Next time in NOLA we will eat at Commander’s Palace!
Our kids are good walkers and we love to explore places on foot, and the Garden District is a beautiful neighborhood with oak-lined streets to stroll around in.
We found a self-guided free walking tour app on Google which guided us around the neighborhood.
We did feel a bit like paparazzi walking around taking sneaky photos of all the beautiful houses. Several of them are owned by celebrities. We stood outside of Sandra Bullock’s house, John Goodman/s and Archie Manning’s (Peyton and Eli’s dad from football fame).
The Garden District in easily one of the most beautiful places to visit in New Orleans.
7. See Gators on a Swamp Tour
When we knew we were going to Louisiana, one of the first things we thought about doing was a swamp tour. Because that’s what the area is known for, am I right?!
Growing up in Australia, and after doing an 18-month road trip around Oz, we’ve seen plenty of Crocs in the wild before, but we’d never seen gators in the wild!
And we’d never done a swamp tour before which our kids were excited about.
Sure it’s a touristy thing to do, but things are touristy and popular for a reason, and we like to experience what the local area is all about.
So one of the iconic New Orleans tours is a swamp tour. We joined Cajun Encounters and did a bayou tour of the famous Honey Island Swamp.
To get there took about a 45 minute drive from the city, and the tour lasted about 1.5 hours and we saw baby gators (it was the wrong time of year for big gators), wild boar, snakes, and egrets.
It’s always great to see wildlife up close in their natural habitat, and we learned a lot about the Louisiana bayou from our knowledgeable guide.
And we loved cruising through the cypress-studded wetlands – so pretty and peaceful, we don’t really have landscapes like that back home in Australia.
One of the best New Orleans kids activities for wildlife viewing!
- With hotel pick-up: Adults: $56 / Children under 12: $36
- Providing your own transportation: Adults: $29 / Children under 12: $19
8. Jazz at Preservation Hall
One question we had before heading to New Orleans was is it possible to see some live jazz with our kids?
Yes it is, and we did.
Getting to experience a jazz performance at an intimate venue in New Orleans, in the heart of the French Quarter, with our kids, was amazing!
Preservation Hall was established in 1961 to honor one of America’s truest art forms– Traditional New Orleans Jazz. Operating as a music venue, a touring band, and a non-profit organization, Preservation Hall continues its mission today as a cornerstone of New Orleans music and culture.
The great thing about Preservation Hall is that it’s an all ages, non-smoking venue with shows starting from 5pm. And the performance lasted 45 minutes, which when you have a 6-year-old, is a perfect length!
The musicians were great and engaging with the audience, and for a $5 tip you could request a song!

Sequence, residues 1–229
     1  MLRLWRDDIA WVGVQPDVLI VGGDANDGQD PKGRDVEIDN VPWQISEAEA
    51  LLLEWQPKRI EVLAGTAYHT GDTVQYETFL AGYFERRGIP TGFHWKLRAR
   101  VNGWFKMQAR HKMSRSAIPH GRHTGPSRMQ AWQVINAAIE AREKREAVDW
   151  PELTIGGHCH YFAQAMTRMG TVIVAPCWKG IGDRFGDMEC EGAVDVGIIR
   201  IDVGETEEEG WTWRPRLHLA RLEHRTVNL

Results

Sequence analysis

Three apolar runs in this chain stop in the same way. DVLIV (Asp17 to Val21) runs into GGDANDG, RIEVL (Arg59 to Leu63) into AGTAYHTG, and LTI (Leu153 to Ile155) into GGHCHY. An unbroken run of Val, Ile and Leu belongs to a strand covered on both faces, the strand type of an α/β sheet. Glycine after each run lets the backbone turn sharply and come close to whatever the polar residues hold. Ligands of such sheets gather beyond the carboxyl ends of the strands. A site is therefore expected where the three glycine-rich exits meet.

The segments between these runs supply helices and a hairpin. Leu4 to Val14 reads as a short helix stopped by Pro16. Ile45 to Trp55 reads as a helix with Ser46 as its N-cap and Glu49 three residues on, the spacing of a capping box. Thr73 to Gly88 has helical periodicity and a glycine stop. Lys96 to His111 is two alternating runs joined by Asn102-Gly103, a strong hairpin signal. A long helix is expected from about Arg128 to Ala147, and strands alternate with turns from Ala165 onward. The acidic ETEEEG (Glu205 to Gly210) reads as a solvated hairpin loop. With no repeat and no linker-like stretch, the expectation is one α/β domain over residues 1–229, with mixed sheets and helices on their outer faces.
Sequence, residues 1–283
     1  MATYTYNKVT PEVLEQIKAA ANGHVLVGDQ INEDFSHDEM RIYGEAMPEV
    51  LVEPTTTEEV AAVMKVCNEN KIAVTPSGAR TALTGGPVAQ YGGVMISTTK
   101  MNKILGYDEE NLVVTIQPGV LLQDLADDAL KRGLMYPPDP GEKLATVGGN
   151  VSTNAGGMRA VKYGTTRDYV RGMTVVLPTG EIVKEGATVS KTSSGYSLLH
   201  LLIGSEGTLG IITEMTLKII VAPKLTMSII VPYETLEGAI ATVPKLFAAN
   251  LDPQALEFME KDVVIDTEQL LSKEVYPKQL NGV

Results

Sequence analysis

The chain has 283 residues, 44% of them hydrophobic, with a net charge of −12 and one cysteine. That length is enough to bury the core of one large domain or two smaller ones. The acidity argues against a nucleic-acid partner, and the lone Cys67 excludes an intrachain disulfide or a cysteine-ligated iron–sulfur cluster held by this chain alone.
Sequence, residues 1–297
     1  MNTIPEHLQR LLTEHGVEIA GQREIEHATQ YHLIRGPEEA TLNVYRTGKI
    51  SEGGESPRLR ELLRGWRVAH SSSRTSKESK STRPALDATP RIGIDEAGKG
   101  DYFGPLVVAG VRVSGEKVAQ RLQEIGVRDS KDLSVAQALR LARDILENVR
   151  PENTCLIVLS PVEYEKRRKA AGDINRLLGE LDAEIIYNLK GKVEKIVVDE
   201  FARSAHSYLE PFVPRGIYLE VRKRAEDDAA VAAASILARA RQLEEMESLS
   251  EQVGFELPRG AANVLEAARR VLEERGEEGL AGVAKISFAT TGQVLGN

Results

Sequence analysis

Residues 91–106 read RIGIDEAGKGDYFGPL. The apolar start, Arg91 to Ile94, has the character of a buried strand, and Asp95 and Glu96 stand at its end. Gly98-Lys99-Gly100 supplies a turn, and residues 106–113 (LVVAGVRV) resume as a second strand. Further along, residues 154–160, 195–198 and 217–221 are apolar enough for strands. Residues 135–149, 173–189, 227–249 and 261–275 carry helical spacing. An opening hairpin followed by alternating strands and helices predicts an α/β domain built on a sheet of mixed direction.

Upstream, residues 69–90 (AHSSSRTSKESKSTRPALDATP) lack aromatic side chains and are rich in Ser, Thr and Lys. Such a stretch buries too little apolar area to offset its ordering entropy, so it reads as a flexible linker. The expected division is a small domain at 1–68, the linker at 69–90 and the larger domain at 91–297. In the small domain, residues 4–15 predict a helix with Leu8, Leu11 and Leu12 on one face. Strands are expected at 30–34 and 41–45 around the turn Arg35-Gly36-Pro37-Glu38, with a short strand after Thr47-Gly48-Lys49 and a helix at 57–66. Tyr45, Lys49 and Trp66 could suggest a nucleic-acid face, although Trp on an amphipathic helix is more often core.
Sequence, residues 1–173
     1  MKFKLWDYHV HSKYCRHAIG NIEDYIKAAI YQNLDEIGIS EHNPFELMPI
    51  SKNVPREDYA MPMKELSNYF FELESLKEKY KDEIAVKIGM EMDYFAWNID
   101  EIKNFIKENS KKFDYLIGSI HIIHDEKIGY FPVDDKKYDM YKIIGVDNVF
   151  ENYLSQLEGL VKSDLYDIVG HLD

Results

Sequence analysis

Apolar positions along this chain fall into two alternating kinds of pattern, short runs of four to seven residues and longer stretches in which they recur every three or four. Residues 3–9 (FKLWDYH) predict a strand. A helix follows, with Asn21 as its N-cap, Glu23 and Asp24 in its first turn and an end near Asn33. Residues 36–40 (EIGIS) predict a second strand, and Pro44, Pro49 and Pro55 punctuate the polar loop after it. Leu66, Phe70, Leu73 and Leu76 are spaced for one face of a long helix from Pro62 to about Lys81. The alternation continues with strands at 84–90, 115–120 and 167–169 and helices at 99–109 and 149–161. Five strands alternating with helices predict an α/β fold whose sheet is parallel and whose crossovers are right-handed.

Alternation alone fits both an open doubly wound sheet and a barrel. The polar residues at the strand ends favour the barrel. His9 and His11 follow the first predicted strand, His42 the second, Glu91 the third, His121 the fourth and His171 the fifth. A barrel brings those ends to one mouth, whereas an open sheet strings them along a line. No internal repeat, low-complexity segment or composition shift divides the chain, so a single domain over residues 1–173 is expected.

Definitely one of the coolest things to do in New Orleans with kids! (no photography or video was allowed).
- General Admission: cash only, $20, seven nights a week, with the exception of certain special events.
- Reserve seats – limited amount of reserved seats are available and allows you to skip the line. $35-50 with the exception of special events.
9. City Park
Several of our blog readers suggested we visit City Park with our kids whilst in New Orleans.
And after meeting another lovely local family on Mardi Gras day who live in New Orleans, we decided to have a follow up play date and so City Park it was.
And how perfect.
The 1300-acre City Park is one of the oldest urban parks in the country, and a true oasis. It’s within the city but a 45 minute Streetcar ride or 25 minute drive. We chose to drive.
City Park is home to Storyland (a storybook-themed playground), a lake for paddle boat rentals, a sculpture garden, the Carousel Gardens Amusement Park, a Botanical Garden, biking paths, and the oldest grove of mature live oak trees in the world – which are incredible – and much more!
To our kids delight, we started off our visit at Morning Call which serves beignets 24 hours a day!
Whilst the kids indulged in beignets, we tried a gator sausage and a New Orleans favorite classic café au lait.
We then took a walk around the sculpture garden and hired paddle boats for a spin around the lake.
Looking for fun things to do in New Orleans with kids? You can enjoy an hour of fun here, or an entire day!
10. Mardi Gras World
We didn’t personally go to Mardi Gras World as we’d just had two full days of Mardi Gras Parades and had a full schedule.
But this place came highly recommended as one of the top things to do in New Orleans by other travel friends and locals.
If you visit New Orleans out of Mardi Gras season but want to experience some Mardi Gras, you can get a real behind-the-scenes look at what goes into the festival all-year-round here.
You can meet artists and watch them build their floats for the next Mardi Gras, try on costumes, and try some famous King Cake.